• Research has shown that continental shelves have around 5 million cubic km brackish water and 300,000-500,000 cubic km freshwater within their sedimentary deposits.
  • Development of brackish water resources is already underway in countries in West Asia, Africa, Europe and the US and India.

What is the Current State of Water Scarcity?

  • World:
    • Only 3% of the world’s water is freshwater, and two-thirds of that is tucked away in frozen glaciers or otherwise unavailable for our use.
    • As many as 87 countries are projected to become water-scarce by 2050.
    • One in four people on Earth face shortages of water for drinking, sanitation, agriculture and economic development.
      • Water scarcity is expected to intensify in regions like the Middle East and North Africa region, which has 6% of the global population but only 1% of the world’s freshwater resources.
  • India:

What are the Recommendations?

  • Unconventional water resources can provide major relief, provided the following strategies are followed:
    • Promoting further research and practice on both technical and nontechnical aspects of unconventional water resources.
    • Ensuring that unconventional waters provide benefits, not cost to the environment.
    • Positioning unconventional waters as a reliable source of water in times of uncertainty.
    • Supporting complementary and multidimensional approaches such as addressing water scarcity and climate change together.

UPSC Civil Services Examination, Previous Year Question

Q. If National Water Mission is properly and completely implemented, how will it impact the country? (2012)

  1. Part of the water needs of urban areas will be met through recycling of waste-water.
  2. The water requirements of coastal cities with inadequate alternative sources of water will be met by adopting appropriate technologies that allow for the use of ocean water.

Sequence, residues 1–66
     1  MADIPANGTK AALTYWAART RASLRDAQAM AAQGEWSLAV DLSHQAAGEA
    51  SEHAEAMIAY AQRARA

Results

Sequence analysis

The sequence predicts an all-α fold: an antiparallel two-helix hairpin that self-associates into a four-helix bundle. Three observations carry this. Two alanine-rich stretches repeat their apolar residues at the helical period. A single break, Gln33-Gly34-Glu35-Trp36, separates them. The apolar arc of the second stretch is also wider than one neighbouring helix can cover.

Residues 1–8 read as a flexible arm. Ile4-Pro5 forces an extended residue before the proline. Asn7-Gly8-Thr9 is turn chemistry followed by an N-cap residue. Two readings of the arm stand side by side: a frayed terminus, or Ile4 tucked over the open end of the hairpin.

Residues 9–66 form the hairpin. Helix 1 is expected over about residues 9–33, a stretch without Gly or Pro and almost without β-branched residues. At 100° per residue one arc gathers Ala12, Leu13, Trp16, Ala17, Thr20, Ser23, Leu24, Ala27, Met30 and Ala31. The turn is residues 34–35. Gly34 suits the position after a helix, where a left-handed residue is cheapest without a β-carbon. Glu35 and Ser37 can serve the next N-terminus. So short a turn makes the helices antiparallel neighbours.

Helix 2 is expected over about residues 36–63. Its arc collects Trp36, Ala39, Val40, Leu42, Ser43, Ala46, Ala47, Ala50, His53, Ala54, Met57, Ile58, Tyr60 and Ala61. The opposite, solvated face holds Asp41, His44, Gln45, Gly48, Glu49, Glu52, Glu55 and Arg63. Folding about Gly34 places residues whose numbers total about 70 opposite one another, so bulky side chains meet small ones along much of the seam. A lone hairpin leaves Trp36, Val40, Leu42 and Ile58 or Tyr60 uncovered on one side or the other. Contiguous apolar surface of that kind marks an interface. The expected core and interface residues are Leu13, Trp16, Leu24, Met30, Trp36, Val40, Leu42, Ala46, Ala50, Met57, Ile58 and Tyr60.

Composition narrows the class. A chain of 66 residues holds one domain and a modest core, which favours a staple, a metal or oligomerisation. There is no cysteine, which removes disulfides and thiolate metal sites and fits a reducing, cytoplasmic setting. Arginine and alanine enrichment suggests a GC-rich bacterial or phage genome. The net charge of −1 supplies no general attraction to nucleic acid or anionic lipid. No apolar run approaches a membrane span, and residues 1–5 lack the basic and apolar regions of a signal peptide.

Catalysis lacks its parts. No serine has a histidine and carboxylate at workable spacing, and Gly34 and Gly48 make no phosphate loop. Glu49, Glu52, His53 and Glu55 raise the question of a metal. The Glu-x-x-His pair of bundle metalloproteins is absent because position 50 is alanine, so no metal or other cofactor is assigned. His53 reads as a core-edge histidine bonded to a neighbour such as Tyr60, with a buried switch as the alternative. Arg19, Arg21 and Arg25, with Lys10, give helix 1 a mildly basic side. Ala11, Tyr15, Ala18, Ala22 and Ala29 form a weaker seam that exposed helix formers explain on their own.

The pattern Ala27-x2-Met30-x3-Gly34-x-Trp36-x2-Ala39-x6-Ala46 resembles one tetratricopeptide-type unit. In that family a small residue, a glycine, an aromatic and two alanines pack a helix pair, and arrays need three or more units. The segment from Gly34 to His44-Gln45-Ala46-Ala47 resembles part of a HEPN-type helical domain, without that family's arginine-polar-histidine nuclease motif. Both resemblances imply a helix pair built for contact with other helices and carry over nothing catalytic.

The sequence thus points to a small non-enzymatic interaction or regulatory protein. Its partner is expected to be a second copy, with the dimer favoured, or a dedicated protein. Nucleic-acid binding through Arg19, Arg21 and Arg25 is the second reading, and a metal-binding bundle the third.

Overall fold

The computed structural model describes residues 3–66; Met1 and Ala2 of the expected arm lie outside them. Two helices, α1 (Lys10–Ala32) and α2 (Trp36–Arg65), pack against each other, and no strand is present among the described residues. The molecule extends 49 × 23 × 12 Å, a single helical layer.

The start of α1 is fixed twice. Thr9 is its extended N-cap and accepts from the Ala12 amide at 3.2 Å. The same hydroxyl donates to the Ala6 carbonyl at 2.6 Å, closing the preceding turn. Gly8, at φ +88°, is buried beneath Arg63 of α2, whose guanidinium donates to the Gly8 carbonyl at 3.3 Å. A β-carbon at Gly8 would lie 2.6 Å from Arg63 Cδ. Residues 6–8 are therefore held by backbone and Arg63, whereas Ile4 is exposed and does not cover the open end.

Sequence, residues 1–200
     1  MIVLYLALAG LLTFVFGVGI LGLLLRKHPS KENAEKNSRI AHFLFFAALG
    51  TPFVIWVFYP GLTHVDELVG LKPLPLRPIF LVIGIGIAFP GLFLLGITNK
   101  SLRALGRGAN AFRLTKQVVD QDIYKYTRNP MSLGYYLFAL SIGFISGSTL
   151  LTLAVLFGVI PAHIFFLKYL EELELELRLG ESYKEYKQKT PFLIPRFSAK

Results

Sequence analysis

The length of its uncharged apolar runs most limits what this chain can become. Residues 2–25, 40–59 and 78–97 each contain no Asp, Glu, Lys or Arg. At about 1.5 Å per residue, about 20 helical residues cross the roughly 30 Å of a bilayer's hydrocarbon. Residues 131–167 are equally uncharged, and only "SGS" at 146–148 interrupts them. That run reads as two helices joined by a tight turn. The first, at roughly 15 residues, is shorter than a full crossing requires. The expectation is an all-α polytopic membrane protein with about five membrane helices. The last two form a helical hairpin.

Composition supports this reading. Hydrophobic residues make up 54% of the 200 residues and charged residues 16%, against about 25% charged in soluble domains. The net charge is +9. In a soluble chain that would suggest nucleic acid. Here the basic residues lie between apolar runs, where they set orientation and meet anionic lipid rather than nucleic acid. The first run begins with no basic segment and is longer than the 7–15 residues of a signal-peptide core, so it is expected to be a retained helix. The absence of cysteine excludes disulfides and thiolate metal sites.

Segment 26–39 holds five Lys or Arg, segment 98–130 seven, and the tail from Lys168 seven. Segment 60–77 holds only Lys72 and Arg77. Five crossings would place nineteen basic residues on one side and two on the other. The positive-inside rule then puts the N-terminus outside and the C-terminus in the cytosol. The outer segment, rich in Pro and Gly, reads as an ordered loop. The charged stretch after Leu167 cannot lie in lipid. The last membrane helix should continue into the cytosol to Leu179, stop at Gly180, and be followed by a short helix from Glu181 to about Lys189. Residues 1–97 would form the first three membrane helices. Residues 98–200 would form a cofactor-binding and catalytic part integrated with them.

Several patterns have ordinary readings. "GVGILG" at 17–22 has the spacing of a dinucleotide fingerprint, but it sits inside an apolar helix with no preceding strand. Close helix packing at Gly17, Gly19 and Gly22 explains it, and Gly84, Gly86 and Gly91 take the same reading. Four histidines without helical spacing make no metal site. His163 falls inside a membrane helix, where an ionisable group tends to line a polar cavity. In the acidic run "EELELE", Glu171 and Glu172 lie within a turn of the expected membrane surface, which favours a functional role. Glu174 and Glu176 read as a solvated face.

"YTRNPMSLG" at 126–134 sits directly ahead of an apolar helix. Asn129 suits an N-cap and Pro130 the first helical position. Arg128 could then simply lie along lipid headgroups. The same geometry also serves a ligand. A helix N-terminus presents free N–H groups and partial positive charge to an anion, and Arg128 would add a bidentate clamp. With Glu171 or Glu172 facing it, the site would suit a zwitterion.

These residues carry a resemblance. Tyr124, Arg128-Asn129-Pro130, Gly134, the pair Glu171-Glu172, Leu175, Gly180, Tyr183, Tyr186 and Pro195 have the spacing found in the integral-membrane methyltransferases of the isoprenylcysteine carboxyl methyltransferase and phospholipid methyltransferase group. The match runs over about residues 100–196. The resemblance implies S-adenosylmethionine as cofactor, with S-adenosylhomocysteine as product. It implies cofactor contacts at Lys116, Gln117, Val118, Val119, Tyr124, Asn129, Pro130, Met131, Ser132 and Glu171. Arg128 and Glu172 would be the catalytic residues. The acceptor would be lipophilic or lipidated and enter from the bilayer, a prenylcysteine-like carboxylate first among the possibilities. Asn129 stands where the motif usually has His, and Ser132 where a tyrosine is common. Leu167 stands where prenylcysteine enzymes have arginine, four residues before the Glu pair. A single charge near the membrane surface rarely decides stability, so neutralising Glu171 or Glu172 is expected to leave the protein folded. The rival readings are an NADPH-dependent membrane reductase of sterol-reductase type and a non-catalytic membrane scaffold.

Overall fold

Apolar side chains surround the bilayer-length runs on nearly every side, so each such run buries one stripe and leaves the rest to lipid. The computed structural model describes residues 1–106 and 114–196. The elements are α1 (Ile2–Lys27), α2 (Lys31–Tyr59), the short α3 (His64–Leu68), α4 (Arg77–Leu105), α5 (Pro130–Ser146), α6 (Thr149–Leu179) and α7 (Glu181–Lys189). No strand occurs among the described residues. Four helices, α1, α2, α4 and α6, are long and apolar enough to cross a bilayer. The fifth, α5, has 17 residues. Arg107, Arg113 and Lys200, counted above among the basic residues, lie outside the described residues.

3. All the rivers of Himalayan origin will be linked to the rivers of peninsular India.
  4. The expenses incurred by farmers for digging bore-wells and for installing motors and pumpsets to draw ground-water will be completely reimbursed by the Government.

Select the correct answer using the codes given below:

(a) 1 only
(b) 1 and 2 only
(c) 3 and 4 only
(d) 1, 2, 3 and 4

Ans: (b)


  • The National Water Mission is one of the eight missions in the National Action Plan on Climate Change to tackle the threats of global warming. The objective of National Water Mission is “conservation of water, minimizing wastage and ensuring its equitable distribution both across and within States through integrated water resources development and management”.
  • The mission has provisions for the capacity building in areas like:
    • Adaptation and Management planning for judicious utilization of water resources.
    • Exploring new sources. Hence, 2 is correct.
    • Using Reverse Osmosis for sea water and brackish water desalinization.
    • Recycle of water and reuse wherever possible. Hence, 1 is correct.
    • Technologies for water purification.
    • Mandating water harvesting.
  • However, it does not have provisions related to the interlinking of rivers or for the reimbursement of expenditure related to digging bore wells and buying pumps. Hence, 3 and 4 are not correct. Therefore, option (b) is the correct answer.

Source: DTE